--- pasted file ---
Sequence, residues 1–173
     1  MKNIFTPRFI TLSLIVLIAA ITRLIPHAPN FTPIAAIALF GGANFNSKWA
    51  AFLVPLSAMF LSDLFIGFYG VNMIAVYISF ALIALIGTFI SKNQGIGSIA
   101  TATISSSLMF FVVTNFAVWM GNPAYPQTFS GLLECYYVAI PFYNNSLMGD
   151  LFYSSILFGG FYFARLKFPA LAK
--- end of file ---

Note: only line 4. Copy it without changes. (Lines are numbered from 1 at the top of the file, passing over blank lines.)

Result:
   101  TATISSSLMF FVVTNFAVWM GNPAYPQTFS GLLECYYVAI PFYNNSLMGD